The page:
At the Lancaster seminar, these issues and more will be addressed by a panel of contributors. A speaker from the UNESCO Institute for Statistics in Montreal will talk about the strategic approach of an international agency. Dr Megan Knight, University of Hertfordshire, will talk about the changing professionalism of media workers particularly the growing specialism of data journalism which responds to the complexity of the international assessments (see also Rogers, 2016 who created the UK National Guardian datablog). Dr Petra Javrh, Slovenian Institute for Adult Education will describe the approach of a government advocacy agency working with journalists to prepare for the release of the PIAAC findings. Dr Cormac O’Keeffe from YES N’YOU, a language teaching school in Paris, will talk about the statistical workshops offered by the OECD to train specialists in participating countries to to carry out further analysis of the PIAAC findings. Professor Heinz-Dieter Meyer reflects on the value and effectiveness of academic activism from his experience of intervening in the public discourse of PISA through an open letter to Andreas SchleicherHis letter, signed by a large group of academics and education professionals, was widely reported in the international media and provoked a response from the OECD. We will discuss what changes resulted from this and what we can expect from such interventions.

3 Researching and intervening in how the findings are reported and interpreted in the media

Dr Javrh’s work leads into our third issue: how the findings are actually reported by the media and the various interpretations attached to them within public and policy discourse. What presentational formats have been developed to communicate the findings, including both narrative and a range of visualizations of the numerical findings through images, tables and diagrams? (See Hamilton 2012; Williamson, 2015). How are the findings publicized across the variety of interlinked media platforms now available – newspapers, broadcast media, online news sites and social media, especially Twitter. Dr Aspa Baroutsisand Professor Bob Lingard will address this aspect of the politics of reception, reporting on their recent study of the Australian press and PIAAC. Other recent studies can inform and extend this discussion including Cort and Larson, 2015; Mons and Pons, 2009; Rubenson and Walker, 2014; Waldow et al, 2014; Yasokawa et al, 2016.

Taken together, these issues offer a rich seam for discussing and theorizing the crucial topic of how survey findings are translated into policy and practice.


Annotated Bibliography

The references listed below are intended as a resource for participants and others to add to and to extend the discussions in the seminar itself. Some of the authors will also be present at the Lancaster seminar.

Mobilising individual countries to participate in international surveys

Addey, C. (2014). Why do countries join international literacy assessments? An actor-network theory analysis with case studies from Lao PDR and Mongolia (Doctoral dissertation, University of East Anglia).

Coates, H., & Richardson, S. (2012). An international assessment of bachelor degree graduates’ learning outcomes. Higher Education Management and Policy23(3), 1-19.

Colmant, M. (2007) The Impact of PIRLS in France. In Schwippert, K. (ed) Progress in Reading Literacy, Verlag. p 75

O’Connell, C (2015a) Close up examination of discourses associated with Global University Rankings: counter-narratives in the UK context. Higher Education Quarterly 69 (3) 279-294.

Richardson, S. (2015). Cosmopolitan Learning for a Global Era: Higher Education in an Interconnected World. Routledge.


Managing the Public Release of findings from international assessment

Grek, S. 2010. “International Organisations and the Shared Construction of Policy ‘Problems’: Problematisation and Change in Education Governance in Europe.” European Educational Research Journal 9 (3): 396-406.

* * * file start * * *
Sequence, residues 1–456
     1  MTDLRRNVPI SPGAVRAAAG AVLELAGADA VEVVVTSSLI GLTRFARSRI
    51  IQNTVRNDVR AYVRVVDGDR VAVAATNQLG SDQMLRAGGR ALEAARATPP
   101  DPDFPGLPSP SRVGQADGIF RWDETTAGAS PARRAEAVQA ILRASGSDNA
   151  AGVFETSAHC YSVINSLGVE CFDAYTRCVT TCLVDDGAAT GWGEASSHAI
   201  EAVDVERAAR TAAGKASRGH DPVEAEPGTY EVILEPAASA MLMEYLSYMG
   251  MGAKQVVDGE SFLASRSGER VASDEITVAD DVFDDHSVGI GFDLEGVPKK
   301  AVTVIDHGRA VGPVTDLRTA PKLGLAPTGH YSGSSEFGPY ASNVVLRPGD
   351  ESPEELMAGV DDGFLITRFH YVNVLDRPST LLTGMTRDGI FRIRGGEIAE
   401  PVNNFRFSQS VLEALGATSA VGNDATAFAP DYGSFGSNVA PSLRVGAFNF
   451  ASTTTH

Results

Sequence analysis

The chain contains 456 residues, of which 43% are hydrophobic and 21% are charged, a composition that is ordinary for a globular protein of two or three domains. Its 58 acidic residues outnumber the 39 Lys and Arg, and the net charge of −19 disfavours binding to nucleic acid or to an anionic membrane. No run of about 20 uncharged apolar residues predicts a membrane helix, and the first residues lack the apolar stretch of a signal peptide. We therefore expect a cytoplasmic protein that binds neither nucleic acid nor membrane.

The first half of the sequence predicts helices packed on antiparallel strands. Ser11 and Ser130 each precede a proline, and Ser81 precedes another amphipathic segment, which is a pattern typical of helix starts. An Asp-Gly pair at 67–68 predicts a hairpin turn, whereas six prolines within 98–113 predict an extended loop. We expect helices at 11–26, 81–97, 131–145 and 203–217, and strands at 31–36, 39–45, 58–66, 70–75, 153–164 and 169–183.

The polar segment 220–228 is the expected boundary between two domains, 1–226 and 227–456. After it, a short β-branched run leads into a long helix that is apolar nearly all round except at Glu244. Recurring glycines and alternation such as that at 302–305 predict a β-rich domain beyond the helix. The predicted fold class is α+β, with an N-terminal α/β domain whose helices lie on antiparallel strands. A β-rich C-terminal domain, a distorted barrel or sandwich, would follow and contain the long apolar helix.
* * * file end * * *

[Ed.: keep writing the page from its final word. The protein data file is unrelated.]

Meyer, H. D., & Benavot, A. (Eds.). (2013). PISA, power, and policy: The emergence of global educational governance. Symposium Books Ltd.

Pizmony-Levy, O. (2013)Testing for all: The emergence and development of international assessment of student achievement, 1958-2012 ISBN: 9781303482786

Rogers, S. (2016) Data journalism matters more now than ever before

Steiner-Khamsi, G. 2003. “The Politics of League Tables.” JSSE-Journal of Social Science Education 2 (1). DOI


Researching and intervening in how the findings are reported and interpreted in the media

Cort, P., & Larson, A. (2015). The non-shock of PIAAC–Tracing the discursive effects of PIAAC in Denmark. European Educational Research Journal14(6), 531-548.

Hamilton, M. (2012) Literacy and the Politics of Representation. London & New York: Routledge.

Javrh, P. Manninen, J., Sgier, I., Fleige, M., Thöne-Geyer, B., Kil, M., Možina, E., … & Diez, J. (2014). Benefits of Lifelong Learning in Europe: Main Results of the BeLL-Project. Bonn: DIE.

Knight, M. 2015. Data journalism in the UK: a preliminary analysis of form and content. Journal of Media Practice 16 (1): 55-72.

Mons, N., X. Pons, A. van Zanten, and J. Pouille. 2009. The Reception of PISA in France. Connaissance et régulation du système éducatif. Paris: OSC.

Rubenson, K., and J. Walker. 2014. “The Media Construction of an Adult Literacy Agenda in Canada.” Globalisation, Societies and Education 12 (1): 141-163.

Takayama, K., Waldow, F., & Sung, Y.-K. (2013). Finland has it all? Examining the media accentuation of “Finnish education” in Australia, Germany, and South Korea. Research in Comparative and International Education, 8(3), 307-325.

Waldow, F., Takayama, K., & Sung, Y.-K. (2014). Rethinking the pattern of external policy referencing: Media discourses over the “Asian Tigers’” PISA success in Australia, Germany, and South Korea. Comparative Education, 50(3), 302-321.

Waldow, F. (2016). Das Ausland als Gegenargument: Fünf Thesen zur Bedeutung nationaler Stereotype und negativer Referenzgesellschaften. Zeitschrift für Pädagogik, 62(3).

Williamson, B. (2015). Digital education governance: data visualization, predictive analytics, and ‘real-time’policy instruments. Journal of Education Policy, 1-19.

Yasukawa , K. Hamilton, M. and Evans, J. (2016) A Comparative Analysis of National Media Responses to the OECD Survey of Adult Skills: Policy Making from the Global to the Local? Compare